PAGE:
(CNN) -- The federal trial of Brian David Mitchell, charged in connection with the 2002 kidnapping of Utah teenager Elizabeth Smart, was halted Tuesday after Mitchell suffered a medical problem in court, according to CNN affiliate KSTU.
KSTU posted a picture on its website of Mitchell, wearing an oxygen mask, sitting on a stretcher as he was being loaded into an ambulance.
Mitchell, as usual, began singing when he was led into the courtroom Tuesday: "O Holy Night," KSTU reported. U.S. District Judge Dale Kimball began the proceedings by raising an issue in a note sent from jurors. As Kimball asked for jurors to be brought in, Mitchell began to wail and dropped to the floor, KSTU said. Defense attorney Wendy Lewis told Kimball, "He's having a seizure, your honor."
An ambulance was called, and paramedics came into the courthouse to examine Mitchell, according to KSTU.
"The judge told the jury that an issue had come up and the trial would be suspended today," Melodie Rydalch, spokeswoman for the U.S. attorney in Utah, said in an e-mail.
Kimball told jurors the trial would resume Wednesday, KSTU reported.
Rebecca Woodridge, Mitchell's stepdaughter, told KSTU he has suffered seizures before. "He's had a few of them in the past year. I don't think there's any reason for him to fake this," she said.
Defense attorney Robert Steele told reporters outside the courthouse that Smart herself had testified about Mitchell suffering a seizure during her time in captivity. "We watched a seizure," he said, according to KSTU. "It really happened."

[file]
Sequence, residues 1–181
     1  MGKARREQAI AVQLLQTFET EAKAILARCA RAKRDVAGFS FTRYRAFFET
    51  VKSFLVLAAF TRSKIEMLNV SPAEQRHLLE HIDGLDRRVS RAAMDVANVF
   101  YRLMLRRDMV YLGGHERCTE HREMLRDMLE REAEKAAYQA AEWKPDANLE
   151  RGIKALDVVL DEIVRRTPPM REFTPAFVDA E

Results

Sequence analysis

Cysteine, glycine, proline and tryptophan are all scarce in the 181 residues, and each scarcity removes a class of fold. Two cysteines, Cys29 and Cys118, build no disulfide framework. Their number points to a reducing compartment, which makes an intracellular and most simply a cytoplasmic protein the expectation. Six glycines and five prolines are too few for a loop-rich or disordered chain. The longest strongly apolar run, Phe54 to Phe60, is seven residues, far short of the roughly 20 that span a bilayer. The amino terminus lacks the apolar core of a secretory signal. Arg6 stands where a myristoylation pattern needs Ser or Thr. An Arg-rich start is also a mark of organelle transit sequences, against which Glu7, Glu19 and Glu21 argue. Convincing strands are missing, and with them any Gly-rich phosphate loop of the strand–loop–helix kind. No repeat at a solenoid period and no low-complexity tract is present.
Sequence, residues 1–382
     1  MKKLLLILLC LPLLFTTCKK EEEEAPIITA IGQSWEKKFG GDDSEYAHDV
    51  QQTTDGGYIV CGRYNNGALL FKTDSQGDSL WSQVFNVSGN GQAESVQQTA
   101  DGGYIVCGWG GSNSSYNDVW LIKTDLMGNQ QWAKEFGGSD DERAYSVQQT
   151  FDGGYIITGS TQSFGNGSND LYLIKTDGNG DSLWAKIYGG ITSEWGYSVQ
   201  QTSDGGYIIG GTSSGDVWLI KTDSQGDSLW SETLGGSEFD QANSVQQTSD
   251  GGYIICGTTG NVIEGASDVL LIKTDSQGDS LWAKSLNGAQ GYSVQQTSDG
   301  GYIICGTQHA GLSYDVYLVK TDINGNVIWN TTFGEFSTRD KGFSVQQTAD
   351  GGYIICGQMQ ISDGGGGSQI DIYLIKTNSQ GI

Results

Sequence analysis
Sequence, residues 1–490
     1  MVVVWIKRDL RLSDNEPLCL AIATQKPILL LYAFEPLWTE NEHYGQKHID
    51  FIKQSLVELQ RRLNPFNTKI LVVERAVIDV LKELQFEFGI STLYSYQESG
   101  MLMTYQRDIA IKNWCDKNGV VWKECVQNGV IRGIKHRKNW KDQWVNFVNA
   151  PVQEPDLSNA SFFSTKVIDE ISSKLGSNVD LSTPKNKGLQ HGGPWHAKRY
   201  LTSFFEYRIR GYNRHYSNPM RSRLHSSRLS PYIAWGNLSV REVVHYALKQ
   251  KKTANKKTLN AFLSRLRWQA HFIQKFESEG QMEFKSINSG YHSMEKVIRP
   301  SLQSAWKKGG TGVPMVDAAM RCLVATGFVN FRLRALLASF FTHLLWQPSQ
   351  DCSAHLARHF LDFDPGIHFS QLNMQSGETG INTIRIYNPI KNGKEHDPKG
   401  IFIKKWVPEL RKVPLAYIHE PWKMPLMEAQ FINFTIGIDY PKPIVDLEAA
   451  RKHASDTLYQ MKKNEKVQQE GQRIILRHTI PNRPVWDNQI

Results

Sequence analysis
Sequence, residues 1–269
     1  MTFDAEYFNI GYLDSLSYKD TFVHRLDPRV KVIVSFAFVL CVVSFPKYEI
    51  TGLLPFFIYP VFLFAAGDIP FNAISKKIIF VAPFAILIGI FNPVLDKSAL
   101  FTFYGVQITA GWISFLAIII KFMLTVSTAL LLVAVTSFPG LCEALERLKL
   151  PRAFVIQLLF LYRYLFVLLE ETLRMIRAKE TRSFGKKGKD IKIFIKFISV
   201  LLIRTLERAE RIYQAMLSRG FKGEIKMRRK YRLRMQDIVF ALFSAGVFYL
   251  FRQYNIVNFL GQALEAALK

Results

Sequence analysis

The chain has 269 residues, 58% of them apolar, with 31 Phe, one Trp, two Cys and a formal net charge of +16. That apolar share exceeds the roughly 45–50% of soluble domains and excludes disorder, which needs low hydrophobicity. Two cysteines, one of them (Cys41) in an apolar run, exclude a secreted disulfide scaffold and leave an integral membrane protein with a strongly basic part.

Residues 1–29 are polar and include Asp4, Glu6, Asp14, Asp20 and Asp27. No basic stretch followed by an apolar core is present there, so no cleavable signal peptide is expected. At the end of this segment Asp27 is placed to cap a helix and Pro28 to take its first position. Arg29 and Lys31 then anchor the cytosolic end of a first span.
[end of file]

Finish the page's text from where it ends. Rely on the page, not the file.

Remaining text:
Mitchell, 57, faces charges of kidnapping and unlawful transportation of a minor across state lines in Smart's abduction. Then 14, she was kidnapped from her bedroom in her family's Salt Lake City, Utah, home. Nine months later, she was found in the company of Mitchell -- a drifter and self-described "prophet" who called himself Immanuel -- and his wife, Wanda Barzee.
Mitchell's trial resumed Monday after taking last week off. Barzee earlier testified as a defense witness.
Defense attorneys are mounting an insanity defense for Mitchell, hoping to prove that mental illness clouded his mind to such a degree that he did not understand that his actions were wrong when he abducted and held Smart.
CNN's Ashley Hayes contributed to this report.